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cases involving extradition proceedings to Sweden. It was almost as if Swedish officials did not want to test the evidence they claimed to have in their possession. The media and political courtiers endlessly emphasised Assange’s bail violation in the UK, ignoring the fact that asylum seekers fleeing legal and political persecution don’t usually honour bail conditions imposed by the very state authorities from which they are seeking asylum. The political and media establishment ignored the mounting evidence of a secret grand jury in Virginia formulating charges against Assange, and ridiculed WikiLeaks’ concerns that the Swedish case might be cover for a more sinister attempt by the US to extradite Assange and lock him away in a highsecurity prison, as had happened to whistleblower Chelsea Manning. They belittled the 2016 verdict of a panel of United Nations legal scholars that the UK was

The Trials of Julian Assange Special Issue using his diplomatic immunity, to travel unhindered to Ecuador. No ‘mainstream’ journalist or politician thought this significant either. They turned a blind eye to the news that, after refusing to question Assange in the UK, Swedish prosecutors had decided to quietly drop the case against him in 2015. Sweden had kept the decision under wraps for more than two years. It was a freedom of information request by an ally of Assange, not a media outlet, that unearthed documents showing that Swedish investigators had, in fact, wanted to drop the case against Assange back in 2013. The UK, however, insisted that they carry on with the charade so that Assange could remain locked up. A British official emailed the Swedes: “Don’t you dare get cold feet!!!”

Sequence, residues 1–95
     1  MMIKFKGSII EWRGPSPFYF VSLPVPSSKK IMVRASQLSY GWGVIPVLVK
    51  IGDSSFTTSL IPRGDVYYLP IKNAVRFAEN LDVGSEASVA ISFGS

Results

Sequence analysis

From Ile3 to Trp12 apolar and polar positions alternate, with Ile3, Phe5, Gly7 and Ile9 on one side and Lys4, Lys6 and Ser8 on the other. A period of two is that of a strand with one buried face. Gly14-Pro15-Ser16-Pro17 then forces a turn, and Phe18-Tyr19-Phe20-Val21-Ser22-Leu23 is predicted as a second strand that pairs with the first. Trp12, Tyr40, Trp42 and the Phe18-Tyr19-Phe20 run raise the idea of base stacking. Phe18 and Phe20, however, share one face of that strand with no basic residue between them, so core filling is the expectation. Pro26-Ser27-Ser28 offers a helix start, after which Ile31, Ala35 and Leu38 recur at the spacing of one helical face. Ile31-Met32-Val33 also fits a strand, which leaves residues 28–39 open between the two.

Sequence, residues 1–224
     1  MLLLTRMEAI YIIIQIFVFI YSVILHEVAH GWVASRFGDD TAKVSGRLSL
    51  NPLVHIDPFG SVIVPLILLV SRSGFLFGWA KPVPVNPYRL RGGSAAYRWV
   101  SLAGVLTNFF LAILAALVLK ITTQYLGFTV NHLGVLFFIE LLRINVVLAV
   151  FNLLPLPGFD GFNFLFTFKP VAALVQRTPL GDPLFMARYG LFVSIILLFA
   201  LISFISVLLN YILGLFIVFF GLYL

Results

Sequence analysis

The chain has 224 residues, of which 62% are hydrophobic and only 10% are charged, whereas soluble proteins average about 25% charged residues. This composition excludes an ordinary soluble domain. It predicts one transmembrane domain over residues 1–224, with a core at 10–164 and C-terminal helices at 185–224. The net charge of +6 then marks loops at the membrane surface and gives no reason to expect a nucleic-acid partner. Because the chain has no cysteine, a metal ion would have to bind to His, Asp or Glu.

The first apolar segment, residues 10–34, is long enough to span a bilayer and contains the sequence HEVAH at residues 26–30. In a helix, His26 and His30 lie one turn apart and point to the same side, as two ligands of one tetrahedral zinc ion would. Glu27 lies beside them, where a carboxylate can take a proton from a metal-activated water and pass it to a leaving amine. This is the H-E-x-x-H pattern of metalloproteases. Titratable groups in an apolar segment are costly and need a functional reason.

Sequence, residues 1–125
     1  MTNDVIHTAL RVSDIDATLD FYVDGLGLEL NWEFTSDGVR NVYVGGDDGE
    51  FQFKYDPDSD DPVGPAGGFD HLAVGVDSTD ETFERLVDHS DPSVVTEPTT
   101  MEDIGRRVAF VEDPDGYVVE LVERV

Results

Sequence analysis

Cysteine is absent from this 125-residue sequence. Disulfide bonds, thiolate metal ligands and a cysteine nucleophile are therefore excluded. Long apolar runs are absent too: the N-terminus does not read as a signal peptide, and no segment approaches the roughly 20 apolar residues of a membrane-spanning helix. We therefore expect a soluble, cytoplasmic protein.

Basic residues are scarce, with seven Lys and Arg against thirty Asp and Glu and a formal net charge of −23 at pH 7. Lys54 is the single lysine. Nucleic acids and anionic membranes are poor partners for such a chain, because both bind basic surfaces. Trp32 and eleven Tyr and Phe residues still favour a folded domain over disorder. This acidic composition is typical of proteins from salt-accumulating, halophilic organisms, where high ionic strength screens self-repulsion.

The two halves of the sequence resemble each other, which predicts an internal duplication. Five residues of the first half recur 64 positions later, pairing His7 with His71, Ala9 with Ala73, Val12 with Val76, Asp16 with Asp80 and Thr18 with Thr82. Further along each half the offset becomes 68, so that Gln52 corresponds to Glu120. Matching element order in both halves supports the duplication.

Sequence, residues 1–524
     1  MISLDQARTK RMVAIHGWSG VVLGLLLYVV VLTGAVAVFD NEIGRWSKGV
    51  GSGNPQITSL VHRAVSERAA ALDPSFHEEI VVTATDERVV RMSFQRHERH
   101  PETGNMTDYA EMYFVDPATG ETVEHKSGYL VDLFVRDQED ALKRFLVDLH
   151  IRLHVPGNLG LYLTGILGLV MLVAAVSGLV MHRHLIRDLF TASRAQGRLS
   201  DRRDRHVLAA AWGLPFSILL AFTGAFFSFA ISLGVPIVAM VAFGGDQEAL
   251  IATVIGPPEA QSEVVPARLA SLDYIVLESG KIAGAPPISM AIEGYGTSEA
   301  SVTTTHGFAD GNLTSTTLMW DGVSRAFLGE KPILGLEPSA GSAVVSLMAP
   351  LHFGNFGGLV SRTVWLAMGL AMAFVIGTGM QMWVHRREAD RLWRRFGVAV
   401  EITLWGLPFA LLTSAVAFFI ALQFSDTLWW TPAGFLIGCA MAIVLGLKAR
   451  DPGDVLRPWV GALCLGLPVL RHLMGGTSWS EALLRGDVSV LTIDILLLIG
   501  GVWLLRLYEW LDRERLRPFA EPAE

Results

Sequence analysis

M Stills from the video Collateral Murder, leaked by whistleblower Chelsea Manning in 2007 that showed troops in a US gunship celebrating as they killed civilians and journalists in Iraq.

‘arbitrarily detaining’ Assange. The media were more interested in the welfare of his cat. They ignored the fact that after Ecuador changed presidents – with the new one keen to win favour with Washington – Assange was placed under more and more severe forms of solitary confinement. He was denied access to visitors and